It’s all change in the West End as a number of shows close to make way for transfers from other theatres. In an increasingly risk-averse climate for producers, a hit in a small venue or success in a limited run could mean money if it transfers into the West End. The subsidised National Theatre and Almeida are bringing in War Horse and Duet for One respectively, Cameron Mackintosh decides to keep Avenue Q running and Carrie’s War and Saturday Night transfer from smaller venues.
Duet For One
The Almeida’s recently acclaimed production Duet for One will transfer to the West End in May.
Tom Kempinski’s two-hander stars Juliet Stevenson and Henry Goodman and centres on a concert violinist (Stevenson) who goes to a psychiatrist (Goodman) in the wake of a tragedy.
Directed by Matthew Lloyd, it will transfer to the Vaudeville Theatre from 7th May.
There’s nothing like the threat of missing out to boost a show. Avenue Q – which has already run for 3 years at the Noel Coward Theatre, had announced its closure to make way for Calendar Girls.
But a new demand for tickets to catch the show before it exits London has promoted Cameron Mackintosh to transfer it to another one of his theatres – this time the Gielgud. It will reside there from 1 June.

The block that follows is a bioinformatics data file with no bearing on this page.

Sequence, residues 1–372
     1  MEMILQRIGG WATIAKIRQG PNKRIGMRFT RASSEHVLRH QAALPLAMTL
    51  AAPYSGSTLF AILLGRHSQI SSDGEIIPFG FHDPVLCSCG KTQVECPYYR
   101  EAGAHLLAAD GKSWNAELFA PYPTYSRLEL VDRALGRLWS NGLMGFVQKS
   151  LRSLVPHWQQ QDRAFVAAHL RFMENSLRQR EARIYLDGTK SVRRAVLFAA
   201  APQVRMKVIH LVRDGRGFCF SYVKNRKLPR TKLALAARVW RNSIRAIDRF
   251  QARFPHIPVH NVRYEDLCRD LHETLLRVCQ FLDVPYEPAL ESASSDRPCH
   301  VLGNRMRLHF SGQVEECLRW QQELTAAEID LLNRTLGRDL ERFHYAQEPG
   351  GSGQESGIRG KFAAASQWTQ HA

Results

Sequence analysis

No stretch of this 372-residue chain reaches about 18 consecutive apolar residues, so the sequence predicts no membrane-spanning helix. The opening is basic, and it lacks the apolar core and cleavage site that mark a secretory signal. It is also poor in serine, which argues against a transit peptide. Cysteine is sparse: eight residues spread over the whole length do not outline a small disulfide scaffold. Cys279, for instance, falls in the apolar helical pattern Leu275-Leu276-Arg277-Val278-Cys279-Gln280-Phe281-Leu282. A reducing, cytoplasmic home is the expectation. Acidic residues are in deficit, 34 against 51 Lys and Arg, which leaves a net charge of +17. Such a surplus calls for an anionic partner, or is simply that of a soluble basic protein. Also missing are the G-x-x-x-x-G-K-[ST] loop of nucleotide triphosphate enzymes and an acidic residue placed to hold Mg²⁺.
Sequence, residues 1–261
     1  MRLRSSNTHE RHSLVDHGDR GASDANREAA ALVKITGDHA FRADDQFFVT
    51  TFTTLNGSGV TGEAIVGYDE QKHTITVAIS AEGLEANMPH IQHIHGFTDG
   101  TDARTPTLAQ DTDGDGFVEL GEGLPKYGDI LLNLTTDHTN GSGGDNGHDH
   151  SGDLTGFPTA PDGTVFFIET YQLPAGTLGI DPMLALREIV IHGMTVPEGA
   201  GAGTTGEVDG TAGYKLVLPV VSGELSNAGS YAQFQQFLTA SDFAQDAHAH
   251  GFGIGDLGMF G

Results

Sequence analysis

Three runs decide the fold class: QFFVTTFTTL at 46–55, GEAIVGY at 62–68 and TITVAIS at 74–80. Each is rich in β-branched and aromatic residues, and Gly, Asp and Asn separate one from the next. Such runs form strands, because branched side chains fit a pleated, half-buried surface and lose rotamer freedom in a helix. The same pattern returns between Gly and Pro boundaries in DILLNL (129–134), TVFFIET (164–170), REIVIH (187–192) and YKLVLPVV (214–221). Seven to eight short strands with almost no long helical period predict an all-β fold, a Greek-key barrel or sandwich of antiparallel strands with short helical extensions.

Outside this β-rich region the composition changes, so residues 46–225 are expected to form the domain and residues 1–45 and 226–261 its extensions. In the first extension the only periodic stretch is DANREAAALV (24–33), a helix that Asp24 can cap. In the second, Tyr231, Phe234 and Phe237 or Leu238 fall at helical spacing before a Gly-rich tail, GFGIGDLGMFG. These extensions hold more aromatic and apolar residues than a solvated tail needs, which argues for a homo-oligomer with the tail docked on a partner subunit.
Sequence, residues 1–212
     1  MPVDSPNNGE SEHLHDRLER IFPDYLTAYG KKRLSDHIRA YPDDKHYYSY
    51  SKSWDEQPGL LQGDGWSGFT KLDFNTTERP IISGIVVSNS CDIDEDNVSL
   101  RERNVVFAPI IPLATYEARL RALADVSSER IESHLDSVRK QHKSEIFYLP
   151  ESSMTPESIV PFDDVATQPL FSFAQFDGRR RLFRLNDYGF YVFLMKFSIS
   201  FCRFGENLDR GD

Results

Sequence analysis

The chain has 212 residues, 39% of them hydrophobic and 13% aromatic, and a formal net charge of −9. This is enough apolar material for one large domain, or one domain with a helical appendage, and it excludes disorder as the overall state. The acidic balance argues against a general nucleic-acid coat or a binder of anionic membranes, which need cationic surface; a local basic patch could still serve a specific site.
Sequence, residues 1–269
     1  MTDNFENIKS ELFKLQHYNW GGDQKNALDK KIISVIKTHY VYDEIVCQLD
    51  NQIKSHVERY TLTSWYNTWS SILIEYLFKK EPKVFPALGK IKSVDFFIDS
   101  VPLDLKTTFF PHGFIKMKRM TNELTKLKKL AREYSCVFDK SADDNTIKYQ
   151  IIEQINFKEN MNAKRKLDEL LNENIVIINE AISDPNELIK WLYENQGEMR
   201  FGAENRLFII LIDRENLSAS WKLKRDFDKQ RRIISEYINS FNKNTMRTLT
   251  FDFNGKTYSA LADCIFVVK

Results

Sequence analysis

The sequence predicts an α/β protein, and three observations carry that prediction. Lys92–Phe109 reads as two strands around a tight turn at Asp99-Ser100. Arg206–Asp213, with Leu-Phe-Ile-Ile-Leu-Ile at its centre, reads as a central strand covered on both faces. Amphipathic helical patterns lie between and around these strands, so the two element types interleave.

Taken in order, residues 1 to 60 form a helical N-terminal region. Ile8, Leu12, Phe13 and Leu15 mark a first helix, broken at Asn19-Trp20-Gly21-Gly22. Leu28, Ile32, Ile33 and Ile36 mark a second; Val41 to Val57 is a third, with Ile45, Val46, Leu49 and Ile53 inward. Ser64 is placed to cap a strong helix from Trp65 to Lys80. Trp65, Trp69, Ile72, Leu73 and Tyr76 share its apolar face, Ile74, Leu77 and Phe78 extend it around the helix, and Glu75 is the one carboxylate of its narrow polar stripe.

Avenue Q will replace Enjoy starring Alison Steadman and David Troughton.
Heart-warming family drama Carrie’s War – about two young evacuees during the Second World War and based on the classic kid’s novel by Nina Bawden is transferring from Sadler’s Wells into the West End.
Much loved actress Prunella Scales stars in the play, which will begin on 18 June at the Apollo Theatre. The show also stars Sarah Edwardson, who reprises the role of Carrie, and Amanda Symonds and James Beddard.
Carrie’s War will replace Three Days of Rain at the Apollo, currently starring James McAvoy.
From World War II to the First World War – and the opening this month in the West End of the National Theatre’s critically smash-hit War Horse – galloping across the river from the National to the New London Theatre from next week – 28th March.
The award-winning adaptation of Michael Morpurgo’s novel, set during World War I,is directed by Marianne Elliott and Tom Morris, and is told using the puppetry of the South African Handspring Puppet Company – including life-size horses and a tank!
Sondheim’s Saturday Night
Stephen Sondheim’s first Broadway musical Saturday Night will at long last enjoy a West End premiere, despite being penned by Sondheim in the 1950s.
After selling out run the Jermyn Street Theatre, it will come to the Arts Theatre for a short run from 25 March. Set it New York just before the Wall Street crash of 1929, the show stars Helena Blackman, who was runner up in the BBC1 talent show “How Do You Solve a Problem like Maria?”